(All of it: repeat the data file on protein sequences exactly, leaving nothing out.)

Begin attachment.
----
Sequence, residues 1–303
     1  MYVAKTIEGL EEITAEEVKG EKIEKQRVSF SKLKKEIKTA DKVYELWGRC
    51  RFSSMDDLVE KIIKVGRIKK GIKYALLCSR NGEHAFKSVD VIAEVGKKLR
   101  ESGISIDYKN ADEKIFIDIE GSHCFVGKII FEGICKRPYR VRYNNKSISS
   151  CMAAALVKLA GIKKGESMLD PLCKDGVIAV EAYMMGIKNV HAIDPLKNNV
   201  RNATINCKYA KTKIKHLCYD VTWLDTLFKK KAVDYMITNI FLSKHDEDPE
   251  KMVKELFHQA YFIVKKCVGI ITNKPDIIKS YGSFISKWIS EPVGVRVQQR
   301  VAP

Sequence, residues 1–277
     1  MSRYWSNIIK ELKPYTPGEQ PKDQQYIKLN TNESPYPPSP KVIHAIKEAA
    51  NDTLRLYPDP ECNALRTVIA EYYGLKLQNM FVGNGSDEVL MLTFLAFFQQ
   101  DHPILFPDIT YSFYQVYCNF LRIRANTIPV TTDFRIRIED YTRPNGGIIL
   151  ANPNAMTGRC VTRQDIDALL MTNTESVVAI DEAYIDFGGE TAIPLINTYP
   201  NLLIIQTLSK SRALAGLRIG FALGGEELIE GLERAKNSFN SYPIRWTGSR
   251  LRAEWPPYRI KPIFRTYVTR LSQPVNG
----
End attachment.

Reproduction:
Sequence, residues 1–303
     1  MYVAKTIEGL EEITAEEVKG EKIEKQRVSF SKLKKEIKTA DKVYELWGRC
    51  RFSSMDDLVE KIIKVGRIKK GIKYALLCSR NGEHAFKSVD VIAEVGKKLR
   101  ESGISIDYKN ADEKIFIDIE GSHCFVGKII FEGICKRPYR VRYNNKSISS
   151  CMAAALVKLA GIKKGESMLD PLCKDGVIAV EAYMMGIKNV HAIDPLKNNV
   201  RNATINCKYA KTKIKHLCYD VTWLDTLFKK KAVDYMITNI FLSKHDEDPE
   251  KMVKELFHQA YFIVKKCVGI ITNKPDIIKS YGSFISKWIS EPVGVRVQQR
   301  VAP

Sequence, residues 1–277
     1  MSRYWSNIIK ELKPYTPGEQ PKDQQYIKLN TNESPYPPSP KVIHAIKEAA
    51  NDTLRLYPDP ECNALRTVIA EYYGLKLQNM FVGNGSDEVL MLTFLAFFQQ
   101  DHPILFPDIT YSFYQVYCNF LRIRANTIPV TTDFRIRIED YTRPNGGIIL
   151  ANPNAMTGRC VTRQDIDALL MTNTESVVAI DEAYIDFGGE TAIPLINTYP
   201  NLLIIQTLSK SRALAGLRIG FALGGEELIE GLERAKNSFN SYPIRWTGSR
   251  LRAEWPPYRI KPIFRTYVTR LSQPVNG